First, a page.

I know what you’re thinking.
So before I tell you my story, let’s just get that bit out of the way first. It’s been more than a decade and I still get asked this one thing about my time in England.
“Hey, what happened to you signing for Manchester United? How come you swapped for Chelsea at the last minute? ”
Well, my Dad wasn’t too pleased about what happened either. He wanted me to go to Manchester United because he loved Alex Ferguson. Back home in Nigeria, a lot of people were saying I should go to United because of how well they work with young players, whereas Chelsea just bought superstars.
And it’s true, I was only 18 years old and Chelsea had players like Lampard, Ballack and Makélélé in midfield. A lot of people in Nigeria doubted that I could even make the Chelsea team if I went there.
So … why did I turn down the biggest club in the world?
I’ll tell you what happened. I had all these people on both sides fighting over me. Agents, managers, strangers, guys handing me papers. I had Sir Alex Ferguson calling me on the phone on one side. And I had Roman Abramovich on the other side, putting me up in London, hiding me somewhere where only a few people knew where I was. It was really confusing, and I was a kid, you know?
After a while, someone from FIFA gave me a phone call. They said, “Listen, we know you’re young and you have these two clubs fighting over you. We can’t decide for you. You can only go where you want. You have to tell us.”
I thought about it for a long time. It was the biggest decision of my life.
You know what made my mind up? Chelsea had signed three other players from Nigeria along with me. They were staying with me at the house in London to keep me company. These guys … their lives depended on the decision I was making. If I went to United, they were gone. If I went to Chelsea, they were going to have a career. No matter how long it lasted, that was important to me. Just to give them a chance, you know?
I chose Chelsea, and four lives changed that day.
No one thought that I’d end up lasting there for 11 years. No one thought I would play in so many games or win as many trophies as I did. That’s one thing a lot of people in Nigeria respect me for — I don’t chicken out. You can say whatever you want about me, but all these managers came and went at Chelsea and they looked at all the superstars ahead of me, and I didn’t chicken out. I survived. That mentality goes all the way back to my childhood in Jos, Nigeria.
When I was a kid, I didn’t have shoes, let alone football boots. But I would always be out in the street every morning, playing barefoot with hardly any clothes on. That’s how badly I wanted to be Kanu.
When I was a kid, Kanu was the man. Nwankwo Kanu and Jay-Jay Okocha, they were the footballing kings of Nigeria. I wanted to be them. There’s this image I have in my mind of me and my friends running around trying to find a TV so we could watch Kanu play for Arsenal. Back then, sometimes the electricity would go off for like a week, and you’d have to go around town searching for a coffee shop or a beer parlour or some place that had a generator. Every Saturday at 3 p.m., they always showed the Premier League, and Nigerians love Arsenal, so it was usually Arsenal on TV.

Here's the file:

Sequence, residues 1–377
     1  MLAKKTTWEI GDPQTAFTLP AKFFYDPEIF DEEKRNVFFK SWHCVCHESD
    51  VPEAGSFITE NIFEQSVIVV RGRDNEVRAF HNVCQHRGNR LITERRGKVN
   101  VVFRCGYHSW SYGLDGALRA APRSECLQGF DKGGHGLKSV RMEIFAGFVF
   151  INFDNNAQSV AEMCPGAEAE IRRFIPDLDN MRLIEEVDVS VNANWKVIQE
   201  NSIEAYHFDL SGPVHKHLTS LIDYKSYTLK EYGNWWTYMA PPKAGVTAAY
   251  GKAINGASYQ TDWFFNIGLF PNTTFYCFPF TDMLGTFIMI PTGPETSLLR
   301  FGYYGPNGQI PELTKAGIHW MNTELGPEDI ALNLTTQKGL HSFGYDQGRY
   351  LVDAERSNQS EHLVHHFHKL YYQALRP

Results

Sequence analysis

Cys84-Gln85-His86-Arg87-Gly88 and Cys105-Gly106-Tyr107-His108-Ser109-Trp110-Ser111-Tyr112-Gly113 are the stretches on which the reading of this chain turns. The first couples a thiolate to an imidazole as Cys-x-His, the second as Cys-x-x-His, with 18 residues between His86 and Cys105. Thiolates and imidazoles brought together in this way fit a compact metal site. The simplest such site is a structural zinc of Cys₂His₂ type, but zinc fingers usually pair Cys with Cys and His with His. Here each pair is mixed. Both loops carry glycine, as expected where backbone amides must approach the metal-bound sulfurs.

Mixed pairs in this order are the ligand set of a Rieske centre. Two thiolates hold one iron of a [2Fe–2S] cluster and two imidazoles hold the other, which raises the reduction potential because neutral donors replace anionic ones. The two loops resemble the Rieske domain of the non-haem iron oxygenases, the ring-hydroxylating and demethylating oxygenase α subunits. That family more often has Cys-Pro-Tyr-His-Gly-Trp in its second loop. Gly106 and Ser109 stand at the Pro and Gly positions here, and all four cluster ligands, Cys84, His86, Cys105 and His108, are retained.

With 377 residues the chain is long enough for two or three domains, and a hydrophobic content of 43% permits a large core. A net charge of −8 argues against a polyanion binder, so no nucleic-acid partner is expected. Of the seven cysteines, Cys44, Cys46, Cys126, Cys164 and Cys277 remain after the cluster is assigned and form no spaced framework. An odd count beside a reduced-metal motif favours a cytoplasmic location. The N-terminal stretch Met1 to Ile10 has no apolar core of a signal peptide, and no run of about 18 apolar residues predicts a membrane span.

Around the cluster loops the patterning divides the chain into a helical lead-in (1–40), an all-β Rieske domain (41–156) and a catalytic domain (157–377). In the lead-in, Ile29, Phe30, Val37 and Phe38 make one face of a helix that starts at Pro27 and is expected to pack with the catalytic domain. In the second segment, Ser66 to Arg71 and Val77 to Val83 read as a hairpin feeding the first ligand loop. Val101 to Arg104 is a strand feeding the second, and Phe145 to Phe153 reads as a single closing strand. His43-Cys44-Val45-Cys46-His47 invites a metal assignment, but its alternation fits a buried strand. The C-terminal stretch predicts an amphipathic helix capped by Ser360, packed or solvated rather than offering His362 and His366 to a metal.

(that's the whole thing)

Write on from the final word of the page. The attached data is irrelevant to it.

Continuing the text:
We’d watch Kanu do his thing on the pitch and then we’d go out into the streets after the game and try to imitate whatever move or trick he did.
But the dream is the dream. What I mean by that is … Well, being Kanu takes so much more than daydreaming. It takes work and sacrifice. And sometimes it takes people who are willing to help you. I remember when I was little, there were tournaments where you had to play in boots. That was the rule. But I didn’t have boots. My family had money to send me to school, but not enough for the football stuff. So this guy in our town, Mabao, he had a little bit of money, and he used to buy me and some other kids boots and clothes so we could play in the tournaments.
Without him, and without my parents, I wouldn’t be where I am.
Somehow something clicked for me when I was 12, when I was playing for the Pepsi Football Academy. We were playing against a side called Plateau United. You see, in Jos, Plateau United was the team. They were the government team — the big boys with money. If you wanted to be the next Kanu, you had to play for Plateau United. So you know what I do in the under-13 state tournament against Jos? I work my butt off and end up changing someone’s mind. After the match, Plateau came to my house and told my mother that they wanted sign me. And my mum was like, “What? He’s still in school! You know how old he is? Why do you want to sign him? He’s going to play with grandpas?!”
My mum always called the bigger, richer kids grandpas.
She said, “You guys want to break his leg? Look how tiny he is!”
She was right. I was tiny at the time.
But my mum worked out a deal with the club so that they would pay me a salary and I would train with them in the afternoon, but I would still go to secondary school in the morning. So you can imagine how funny this must have been to the other kids. I actually had three massive guys who were my friends, and they were like my body guards who’d help me out at school. Everybody knew I had a little bit of money in my pocket, so at the break I’d go and buy lunch for everybody.
I had all the best girls in secondary school around me, man! I was untouchable. Mini Kanu! Hahahaha!
But there’s always a bigger grandpa out there. I wasn’t really anybody yet.
The Nigerian national team came to play against us at Plateau United. It was a nice enough friendly and I did well enough that I got the attention of the coaches. The only problem was, in Nigeria at the time you couldn’t play for a professional club and get called up for the national team as a teenager. That was the rule. There was an age limit. But I guess I must have changed their minds. Because one night — it must’ve have been like 2 a.m. — and I’m at home sleeping when someone comes banging on our door.